I first this joke when I was clerking so many years ago, but I was reminded it of it just this morning.
A law professor, a federal appellate judge, and a federal trial judge go duck hunting. Under state law, they are only permitted to shoot ducks at this time of year, so they obviously must be sure that anything they shoot is a duck.
A group of birds flies overhead, making noise. The appellate judge stands up and says, “I conclude that those are ducks. I know those from applying the six-part, eight-factor test established in Goose v. Duck,” which he then explains in great detail. By the time he has finished his explanation, the ducks have flown out of range. He sits down.
A few minutes later, a second group of birds flies overhead. The law professor stands up and says “I conclude that those are ducks. But the test of Goose v. Duck is ridiculous, because it is biased against historically oppressed species, ignores principles of rational efficiency, ignores the insights of animal behavioral economics, and departs from Kantian ethics.” The professor continues to explain this all in great detail. By the time he has finished, the ducks have flown out of range. He sits down.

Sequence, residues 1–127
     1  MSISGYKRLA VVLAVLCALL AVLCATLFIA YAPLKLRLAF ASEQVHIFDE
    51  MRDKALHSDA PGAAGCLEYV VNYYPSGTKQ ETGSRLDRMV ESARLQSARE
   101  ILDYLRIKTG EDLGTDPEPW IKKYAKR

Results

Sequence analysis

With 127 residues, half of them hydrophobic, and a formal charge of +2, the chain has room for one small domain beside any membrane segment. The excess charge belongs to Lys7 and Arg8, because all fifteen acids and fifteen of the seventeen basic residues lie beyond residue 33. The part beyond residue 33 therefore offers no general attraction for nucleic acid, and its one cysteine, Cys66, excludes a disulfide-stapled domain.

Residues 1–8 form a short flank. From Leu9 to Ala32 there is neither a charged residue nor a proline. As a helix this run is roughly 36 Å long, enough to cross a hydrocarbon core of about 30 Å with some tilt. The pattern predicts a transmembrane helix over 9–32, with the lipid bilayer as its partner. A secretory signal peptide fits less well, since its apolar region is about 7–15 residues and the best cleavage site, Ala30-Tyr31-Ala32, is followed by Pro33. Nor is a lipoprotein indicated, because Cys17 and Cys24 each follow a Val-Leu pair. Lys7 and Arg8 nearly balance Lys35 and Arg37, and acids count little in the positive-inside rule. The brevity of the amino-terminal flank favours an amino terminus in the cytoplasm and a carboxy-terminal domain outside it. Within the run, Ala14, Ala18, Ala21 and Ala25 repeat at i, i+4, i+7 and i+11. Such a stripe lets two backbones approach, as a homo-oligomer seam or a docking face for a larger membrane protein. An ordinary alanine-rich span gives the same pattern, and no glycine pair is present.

A few minutes later, a third group of birds flies overhead. The trial judge stands up, squeezes off three rounds and blows three birds out of the sky. He turns to his friends and says
“Boy, I hope those were ducks.”